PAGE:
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YouTube is out of order banning channels like RT in Germany, as it’s got a legal pass in exchange for promising free speech

It must be a wonderful feeling to sit among the tech giant royalty high above the little people in Mountain View, California, making arbitrary, far-reaching decisions to punish anyone who doesn’t see the world the way you do. We’re all mere playthings at their mercy.

Flick a switch here, click a button there, and you can punish any of the two billion active monthly users of YouTube, letting them know that you are not amused. Oh, the power, the power, the POWER!

The thing is, as Vivek Ramaswamy pointed out in his excellent book ‘Woke Inc’, published just a few months back, the giant tech corporations like Google, which owns YouTube, and like Facebook or Twitter, who take it upon themselves to deny people freedom of expression, are breaking that business covenant that lets them stream and host on their platforms in the first place.

It is an operational agreement in the States, and more or less the case everywhere else around the world – although this is slowly changing – that the social media platforms are not publishers in the traditional sense of the word, and therefore not culpable for material published or streamed on their platforms. All those nasty videos on YouTube? Not their fault. Venomous, evil trolls on Twitter? Nope, nothing to do with us, guv. Fake news on Facebook? Must be someone else to blame. If they were held legally accountable for every libellous tweet or defamatory video then, even with all their wealth, they would feel the hit.

But as Ramaswamy points out, in return for this pass on legal responsibility for content published on their platforms, there is an expectation that these tech giants keep them open to everyone to enjoy true free speech. That anyone, with any view – no matter how mad, bad, or just plain nuts – should be allowed unfettered access to make their point, free of interference from huge corporations indulged by governments worldwide simply because of their reach.

Unfortunately, that’s not how it works. The nerds-in-chief at YouTube are prone to lock, suspend, or cancel accounts of those whose views they don’t share, even if they’re wrong. They tripped over themselves in their haste to support the World Health Organisation’s view at the outset of the coronavirus pandemic, and CEO Susan Wojcicki announced that the platform would ban content peddling fake or unproven coronavirus remedies and anyone who promoted a view that went against those held by WHO.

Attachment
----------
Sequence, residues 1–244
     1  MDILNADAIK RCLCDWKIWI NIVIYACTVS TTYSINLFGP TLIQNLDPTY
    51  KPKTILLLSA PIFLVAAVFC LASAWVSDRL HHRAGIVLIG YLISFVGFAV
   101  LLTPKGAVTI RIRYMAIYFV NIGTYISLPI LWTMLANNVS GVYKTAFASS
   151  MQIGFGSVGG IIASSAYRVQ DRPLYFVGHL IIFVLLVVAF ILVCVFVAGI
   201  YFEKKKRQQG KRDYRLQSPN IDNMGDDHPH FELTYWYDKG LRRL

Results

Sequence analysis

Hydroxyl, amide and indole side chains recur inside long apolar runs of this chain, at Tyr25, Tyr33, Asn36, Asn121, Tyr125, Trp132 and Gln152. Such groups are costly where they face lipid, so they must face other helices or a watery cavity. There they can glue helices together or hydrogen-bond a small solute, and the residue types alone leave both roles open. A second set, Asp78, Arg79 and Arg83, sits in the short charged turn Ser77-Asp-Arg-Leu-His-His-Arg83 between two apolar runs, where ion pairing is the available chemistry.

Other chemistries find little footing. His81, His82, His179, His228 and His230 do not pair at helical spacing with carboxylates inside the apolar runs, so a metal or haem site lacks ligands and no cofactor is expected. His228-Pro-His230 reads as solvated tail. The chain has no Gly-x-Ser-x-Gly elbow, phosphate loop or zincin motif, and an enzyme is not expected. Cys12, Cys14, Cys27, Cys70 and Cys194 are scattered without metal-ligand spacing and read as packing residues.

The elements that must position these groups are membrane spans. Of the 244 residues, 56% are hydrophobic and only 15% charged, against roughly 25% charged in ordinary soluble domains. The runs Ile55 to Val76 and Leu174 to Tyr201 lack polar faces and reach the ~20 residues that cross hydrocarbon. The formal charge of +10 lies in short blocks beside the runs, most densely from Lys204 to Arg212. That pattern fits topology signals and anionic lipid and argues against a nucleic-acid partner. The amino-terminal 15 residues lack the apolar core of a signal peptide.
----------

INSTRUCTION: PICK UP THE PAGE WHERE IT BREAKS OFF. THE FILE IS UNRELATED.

The brass neck on show from someone with no medical expertise telling the world that she would decide what could and couldn’t be said about a global pandemic, made me cough and splutter so much at the time that I thought I’d come down with Covid.

What’s all this then, YouTube suddenly chock full of epidemiologists, virologists, and science experts? No, I don’t think so, because we all know that it would be relying on its same hybrid blend of artificial intelligence and good ol’ human eyes to decide who fell foul of the new edict.

It is not within YouTube’s social contract to tell us what we can and can’t watch. Not in the US, not in the UK, and certainly not in Germany, where the company has just pulled the plug on RT’s two YouTube channels, RT DE and DFP, with no option for reactivating either. Game over.

Which might have something to do with the massive popularity of those channels, with RT DE having almost 547 million views and more than 600,000 subscribers, making it one of the top YouTube channels in Germany.

But not any more. It seems that YouTube was determined to make RT pay for having the temerity to air the views of those dubious or worried about Covid vaccines to its German audiences – where, it must be said, there is quite an appetite for such information, and there has been ever since the start of the pandemic. Certainly much more than in the UK.

Frankly, if people want to watch this content, question authority, and not slavishly follow government and WHO guidance, then shouldn’t they be allowed? Critical thinking is all about exploring an argument from all sides, not blindly accepting what a social media company based on the West Coast of the USA, or your state apparatus, wants you to believe.

Germans don’t like being told what to do, and they covet freedom of expression. So YouTube can turn off as many German channels on its platform as it likes, but the tech company better be ready for the backlash, because it will come. If you have nothing fun or edgy on your platform, people will simply stop visiting – and then what happens to all the millions in advertising moolah? Censorship comes at a price. 

The statements, views and opinions expressed in this column are solely those of the author and do not necessarily represent those of RT.

© 2021, paradox. All rights reserved.

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